David Cameron's focus on Black & minority ethnic student access is a modest but welcome first step

Earlier this week, David Cameron stunned those of us committed to campaigning for race equality. He dared name discrimination – “overt, unconscious, institutional” - as an issue facing Black and minority ethnic populations in the criminal justice system, the armed forces, and - significantly - UK universities. Writing for the Sunday Times, he announced plans to legislate for a new duty to compel higher education institutions to routinely publish data on the characteristics (gender, ethnicity, social class) of students applying for and being offered a university place.

The Prime Minister’s sudden proclamations on race and racism should be welcomed with caution - this is politics, after all. And, as some have rumoured this may be a ploy to redirect the Black and minority ethnic vote from Jeremy Corbyn. Notwithstanding such observations, we should not be lulled into a false sense of relief regarding the depth of this government’s understanding and engagement with race equality and social justice. For example, it was the Conservatives (albeit as part of a Coalition) who introduced fees for employees intending to take their employer to tribunal. It was the Conservatives who drastically cut the budget of the body – the Equality and Human Rights’ Commission – responsible for advancing equality in Great Britain. And it was David Cameron who just weeks ago spoke of the need for Muslim women to speak English as a way to improve their integration and adherence to those so-called ‘British values’.

The Prime Minister is right to point to the failures of higher education to engage seriously with race but he is wrong to merely locate attention on access. Indeed Black and minority ethnic students are well represented across the sector though, as he points out, they are more likely to be found at post 1992 universities. However, the broader and more damning issue is the Black-white degree attainment gap. While around three quarters of white students leave university with a first or upper second degree classification, this is true for just under half of all Black students. And this remains the case even when Black and white students enter higher education with the same grades. By focusing on access alone, the Prime Minister is selling Black and minority ethnic students a false promise of equality.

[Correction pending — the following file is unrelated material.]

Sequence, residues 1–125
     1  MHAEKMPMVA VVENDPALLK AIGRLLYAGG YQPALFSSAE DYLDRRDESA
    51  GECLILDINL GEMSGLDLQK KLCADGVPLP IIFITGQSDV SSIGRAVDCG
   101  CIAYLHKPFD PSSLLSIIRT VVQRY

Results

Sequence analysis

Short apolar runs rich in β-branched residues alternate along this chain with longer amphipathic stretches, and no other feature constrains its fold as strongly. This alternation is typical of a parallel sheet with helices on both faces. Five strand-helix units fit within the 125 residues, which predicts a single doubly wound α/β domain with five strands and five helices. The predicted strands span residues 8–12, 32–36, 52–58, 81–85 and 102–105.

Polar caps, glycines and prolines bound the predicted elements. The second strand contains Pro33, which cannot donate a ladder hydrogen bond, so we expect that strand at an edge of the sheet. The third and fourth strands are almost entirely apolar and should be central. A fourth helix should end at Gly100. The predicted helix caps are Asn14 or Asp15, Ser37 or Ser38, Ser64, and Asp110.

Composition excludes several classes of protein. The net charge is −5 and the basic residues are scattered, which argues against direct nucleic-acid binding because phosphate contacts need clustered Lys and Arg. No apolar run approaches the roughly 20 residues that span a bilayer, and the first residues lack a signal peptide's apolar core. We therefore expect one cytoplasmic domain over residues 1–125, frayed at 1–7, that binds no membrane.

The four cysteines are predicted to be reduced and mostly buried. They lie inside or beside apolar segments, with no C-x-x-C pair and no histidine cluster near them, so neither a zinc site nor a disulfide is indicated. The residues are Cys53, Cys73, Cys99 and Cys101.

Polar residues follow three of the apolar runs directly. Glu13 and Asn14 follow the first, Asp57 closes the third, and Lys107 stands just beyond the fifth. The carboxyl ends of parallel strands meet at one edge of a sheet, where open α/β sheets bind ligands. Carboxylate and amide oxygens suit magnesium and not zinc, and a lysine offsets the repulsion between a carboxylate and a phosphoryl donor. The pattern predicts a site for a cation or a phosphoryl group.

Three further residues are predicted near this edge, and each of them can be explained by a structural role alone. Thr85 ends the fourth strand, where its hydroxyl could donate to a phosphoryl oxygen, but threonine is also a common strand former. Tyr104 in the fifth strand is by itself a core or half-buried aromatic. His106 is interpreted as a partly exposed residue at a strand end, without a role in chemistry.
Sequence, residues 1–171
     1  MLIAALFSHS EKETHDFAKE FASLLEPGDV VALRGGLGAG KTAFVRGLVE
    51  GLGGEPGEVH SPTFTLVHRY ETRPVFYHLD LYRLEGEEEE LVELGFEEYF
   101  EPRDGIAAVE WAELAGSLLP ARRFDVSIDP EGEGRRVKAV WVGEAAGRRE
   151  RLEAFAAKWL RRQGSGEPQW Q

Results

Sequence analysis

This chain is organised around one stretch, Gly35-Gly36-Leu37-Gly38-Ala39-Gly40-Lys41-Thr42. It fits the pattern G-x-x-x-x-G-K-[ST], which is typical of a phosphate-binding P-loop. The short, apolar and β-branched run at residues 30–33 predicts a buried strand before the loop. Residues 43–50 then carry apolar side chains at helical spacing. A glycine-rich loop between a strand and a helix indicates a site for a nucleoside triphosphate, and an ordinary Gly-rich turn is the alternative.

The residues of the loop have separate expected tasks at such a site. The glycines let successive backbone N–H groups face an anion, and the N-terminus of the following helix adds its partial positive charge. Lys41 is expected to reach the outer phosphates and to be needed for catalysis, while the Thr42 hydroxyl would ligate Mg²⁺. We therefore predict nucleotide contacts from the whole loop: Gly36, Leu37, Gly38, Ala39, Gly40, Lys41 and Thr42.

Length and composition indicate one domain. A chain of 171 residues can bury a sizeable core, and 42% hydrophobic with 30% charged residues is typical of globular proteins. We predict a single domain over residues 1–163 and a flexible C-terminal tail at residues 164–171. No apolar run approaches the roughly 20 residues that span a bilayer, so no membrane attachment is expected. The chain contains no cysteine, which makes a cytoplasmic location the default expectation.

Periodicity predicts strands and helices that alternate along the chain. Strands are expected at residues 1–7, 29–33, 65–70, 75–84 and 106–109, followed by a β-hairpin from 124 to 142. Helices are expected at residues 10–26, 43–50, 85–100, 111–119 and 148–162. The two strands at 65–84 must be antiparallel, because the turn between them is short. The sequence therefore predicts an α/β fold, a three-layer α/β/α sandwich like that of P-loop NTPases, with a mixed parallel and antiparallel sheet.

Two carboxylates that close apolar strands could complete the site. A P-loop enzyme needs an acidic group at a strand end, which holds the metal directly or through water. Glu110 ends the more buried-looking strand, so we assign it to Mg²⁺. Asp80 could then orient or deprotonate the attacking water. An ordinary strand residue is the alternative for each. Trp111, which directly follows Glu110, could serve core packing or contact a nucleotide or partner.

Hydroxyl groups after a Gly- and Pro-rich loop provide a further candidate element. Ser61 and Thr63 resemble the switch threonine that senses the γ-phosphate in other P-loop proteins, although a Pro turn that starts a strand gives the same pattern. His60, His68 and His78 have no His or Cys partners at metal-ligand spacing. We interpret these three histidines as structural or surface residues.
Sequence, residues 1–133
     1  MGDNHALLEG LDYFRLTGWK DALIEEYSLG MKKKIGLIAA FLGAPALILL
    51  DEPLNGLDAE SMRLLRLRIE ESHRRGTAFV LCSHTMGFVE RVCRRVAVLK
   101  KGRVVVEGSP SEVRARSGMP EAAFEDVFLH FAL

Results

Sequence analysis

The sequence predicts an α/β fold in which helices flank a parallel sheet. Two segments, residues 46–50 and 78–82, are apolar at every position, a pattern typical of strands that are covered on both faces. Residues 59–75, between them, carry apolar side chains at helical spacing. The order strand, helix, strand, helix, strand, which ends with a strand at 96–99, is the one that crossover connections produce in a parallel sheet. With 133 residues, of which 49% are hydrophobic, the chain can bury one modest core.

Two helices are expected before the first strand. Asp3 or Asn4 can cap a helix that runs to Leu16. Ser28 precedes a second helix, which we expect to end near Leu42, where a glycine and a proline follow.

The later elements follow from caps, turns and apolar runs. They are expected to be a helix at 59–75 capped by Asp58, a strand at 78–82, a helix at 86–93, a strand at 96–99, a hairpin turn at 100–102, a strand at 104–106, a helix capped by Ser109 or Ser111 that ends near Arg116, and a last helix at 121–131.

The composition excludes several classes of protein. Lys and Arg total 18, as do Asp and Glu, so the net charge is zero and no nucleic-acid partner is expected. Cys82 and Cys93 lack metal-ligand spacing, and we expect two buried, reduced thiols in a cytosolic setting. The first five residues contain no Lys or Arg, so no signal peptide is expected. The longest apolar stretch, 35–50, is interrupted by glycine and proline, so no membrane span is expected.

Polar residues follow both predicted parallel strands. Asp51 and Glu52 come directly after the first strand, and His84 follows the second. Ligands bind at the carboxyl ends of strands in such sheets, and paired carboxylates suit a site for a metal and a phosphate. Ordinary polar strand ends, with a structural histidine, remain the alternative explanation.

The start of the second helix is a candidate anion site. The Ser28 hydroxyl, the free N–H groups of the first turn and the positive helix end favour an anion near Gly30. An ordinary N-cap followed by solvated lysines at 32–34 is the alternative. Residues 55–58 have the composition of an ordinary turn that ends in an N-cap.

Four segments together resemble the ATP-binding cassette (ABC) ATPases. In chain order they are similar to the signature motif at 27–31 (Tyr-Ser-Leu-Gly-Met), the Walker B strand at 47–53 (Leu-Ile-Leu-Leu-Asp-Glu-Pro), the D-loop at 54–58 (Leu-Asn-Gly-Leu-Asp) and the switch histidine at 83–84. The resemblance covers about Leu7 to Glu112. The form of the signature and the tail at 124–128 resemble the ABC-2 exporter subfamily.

There is a second damning issue that the government should address, namely the poor representation of senior Black and minority ethnic faculty. While 11.2% of white staff are professors, only 4.5% of Black staff hold roles at this level. Indeed when SOAS appointed its first Black female university leader, Baroness Valerie Amos, it had to look outside of the sector to do so. Black and minority ethnic faculty report being undermined, their experience being called into question, and hitting a concrete ceiling in the progression ladder at the point of senior lecturer. They are also more likely to consider leaving the UK to work overseas compared with their white counterparts. UK universities are failing not just Black and minority ethnic students they are also failing racially minoritised staff.

Black and minority ethnic students speak of the importance of a university climate and curriculum that reflects and includes their experiences. These same students also speak of the need to see a university workforce that comprises people who look like them. Indeed the high profile #RhodesMustFall campaign at the University of Oxford epitomizes precisely these concerns and is not, as some have incorrectly countered, simply interested in the removal of a statue.

Those within the higher education sector are beginning to stir – some with reluctance, some defensively and yet others with well meaning – but they have yet to truly engage with the issues facing Black and minority ethnic staff or to address the Black-white degree attainment gap. As the principles of Equality Challenge Unit’s Race Equality Charter indicate, these are not separate problems. So my message to the Prime Minister; a surprising but important start but there is so much more to do.

Dr Nicola Rollock is Deputy Director of the Centre for Research in Race & Education at the University of Birmingham and is a Patron of the Equality Challenge Unit’s Race Equality Charter.